This month my eldest has her birthday. The entire month, that is, because due to school weekend activities and family members being on holidays, her birthday celebration is being stretched over a period of five weeks. This can mean only one thing: lots and lots of cake! Because she reached the age of elegant young girl, this week I made her this stack of elegant, pastel green mini cakes and they went down a – almost elegant – storm.
These mini cakes consist of two layers of airy vanilla sponge cake, topped with a fresh lemon frosting. The pretty green colour is all natural, due to the addition of a rather unusual cake ingredient: peas. This was inspired by food writer Kate Hackworthy, who uses all kinds of veg to make the most glorious cakes and who made a particularly beautiful pea and vanilla cake. Kate’s cakes are classic, rich, butter and egg sponge cakes. For these mini cakes, though, I made a slightly lighter, veganised sponge base. I replaced eggs and butter with fresh coconut yogurt, lemon juice and rapeseed oil, to end up with a vanilla sponge that was nutritious, light as a feather, yummy-tasting AND extremely easy to whip up – I’d say a win on all accounts!
Vegan baking bears the risk of turning out dense or dry, but this sweet pea sponge ticks all the right boxes: it’s moist, light and beautifully risen, with a rich vanilla and a delicate pea flavour which made my girls and their class mates immediately ask for more. I added a bit of chopped basil for a herby touch and a springtime feel – it was snowing while I shot the pictures, but a girl can dream, right?
I must say I hesitated when it came to the choice of frosting. I tried two different versions on my family: a classic lemon buttercream frosting using soy margarine and a fluffy lemon topping made from whipped coconut cream. When I asked my family which version they preferred, the verdict came out 50/50. The margarine frosting is creamy and sweet, but it takes a lot of sugar to get it that way. The coconut cream is naturally sweet already. By adding just a tablespoon of sweetener and a bit of lemon juice, you get a light and tangy topping. Since the birthday girl and myself favoured this last version, this is the one featured in the recipe below. If you prefer a rich buttercream topping, though, you can find the recipe for that one here.
Now simply add some fresh flowers or herbs for decoration and let the festivities begin!
Sweet pea and basil mini cakes with vanilla and lemon frosting – makes 4 not quite so mini – 8 real mini cakes
for the cake
- 275 g fresh or frozen peas
- 100 g coconut yogurt
- 150 g granulated sugar
- zest and juice of 1 lemon
- 2 tsp. vanilla extract
- 250 g plain (all-purpose) flour
- 2 tsp. baking powder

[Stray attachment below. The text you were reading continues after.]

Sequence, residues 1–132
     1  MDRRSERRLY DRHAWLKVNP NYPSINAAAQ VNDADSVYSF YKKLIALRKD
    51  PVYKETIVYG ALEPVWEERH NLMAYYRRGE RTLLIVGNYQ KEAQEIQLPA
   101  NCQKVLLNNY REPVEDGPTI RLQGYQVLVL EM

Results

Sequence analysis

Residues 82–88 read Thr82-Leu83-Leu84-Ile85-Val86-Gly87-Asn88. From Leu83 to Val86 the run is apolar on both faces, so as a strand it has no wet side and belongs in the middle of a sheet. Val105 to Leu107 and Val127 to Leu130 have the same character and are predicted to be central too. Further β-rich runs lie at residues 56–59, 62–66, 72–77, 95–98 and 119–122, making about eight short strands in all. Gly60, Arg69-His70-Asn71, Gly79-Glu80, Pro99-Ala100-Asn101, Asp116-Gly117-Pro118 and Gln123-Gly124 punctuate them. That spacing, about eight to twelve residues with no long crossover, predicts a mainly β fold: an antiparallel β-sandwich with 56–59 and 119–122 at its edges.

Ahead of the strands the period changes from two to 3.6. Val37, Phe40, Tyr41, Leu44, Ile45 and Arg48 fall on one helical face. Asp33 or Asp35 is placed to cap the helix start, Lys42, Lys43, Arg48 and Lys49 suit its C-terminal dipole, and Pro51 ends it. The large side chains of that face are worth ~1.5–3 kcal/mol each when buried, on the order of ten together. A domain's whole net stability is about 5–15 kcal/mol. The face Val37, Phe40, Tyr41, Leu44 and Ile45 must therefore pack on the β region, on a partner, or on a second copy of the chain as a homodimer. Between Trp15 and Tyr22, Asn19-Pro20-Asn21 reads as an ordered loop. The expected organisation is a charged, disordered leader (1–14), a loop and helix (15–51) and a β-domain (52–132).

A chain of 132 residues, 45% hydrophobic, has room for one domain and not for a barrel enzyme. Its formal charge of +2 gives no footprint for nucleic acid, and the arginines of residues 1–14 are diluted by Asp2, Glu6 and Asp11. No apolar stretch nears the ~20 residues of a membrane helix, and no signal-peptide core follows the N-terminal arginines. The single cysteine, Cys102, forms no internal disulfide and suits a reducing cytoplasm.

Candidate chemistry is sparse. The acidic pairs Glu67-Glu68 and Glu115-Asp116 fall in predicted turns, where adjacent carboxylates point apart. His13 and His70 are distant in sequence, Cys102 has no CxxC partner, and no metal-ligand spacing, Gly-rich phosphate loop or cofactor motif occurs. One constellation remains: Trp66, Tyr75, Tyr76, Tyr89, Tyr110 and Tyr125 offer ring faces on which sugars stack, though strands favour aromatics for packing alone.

- ½ tsp. baking soda
- ½ tsp. salt
- 10 g basil leaves, finely chopped
- 60 ml rapeseed oil or other neutral-flavoured oil
for the frosting
- 2 400 g tins of full-fat coconut milk, chilled for at least 1 hour and preferably overnight
- 1 tbsp. agave syrup
- 1 tbsp. lemon juice
Plus: fresh flowers, or lemon zest, basil leaves, pea shoots or other decoration of choice
Make sure the tins of coconut milk are in de fridge.
Heat the oven to 170°C/325°F/Gas 3. Line a square 23×23 cm cake tin.
Bring a pan of water to a boil. Add the peas, boil them for a few minutes, then tip them into a sieve. Refresh them under cold running water, then drain well. Purée with a hand blender until smooth. Set aside.
In a large bowl, mix the coconut yogurt and the sugar. Add the pea purée, lemon zest, lemon juice and vanilla extract and stir until smooth and bright green.
In a second bowl, mix the flour with the baking powder, baking soda, salt and chopped basil. Stir the flour mixture into the pea mixture. When combined, fold in the oil using a spatula.
Spoon the batter into the cake tin, smoothing the top. Bake the cake for 25 minutes, or until a skewer poked in the middle comes out clean. Leave to cool in the pan for 10 minutes, then turn out onto a wire rack to cool completely.
If you like, you can do all this the day before you want to serve the cakes. In this case, wrap the cake in clingfilm after having cooled completely and leave the rest to the following day.
To make the frosting, scoop out the thick white cream from the tins of coconut milk. You can freeze the remaining water for later use in soups or stews. Add the agave syrup and lemon juice to the coconut cream and whip until thick and fluffy. Keep in the fridge until using.
Using a round cutter, cut 9 ∅7 cm or 16 ∅5 cm circles from the cake.
Spread half of the circles with a thin layer of the coconut frosting. Take the remaining cakes and press them onto the coconut layer, bottom sides up to make a smooth top. Spread the tops with the remaining coconut cream. Decorate the cakes with fresh flowers or other decorations of choice. Preferably enjoy the same day.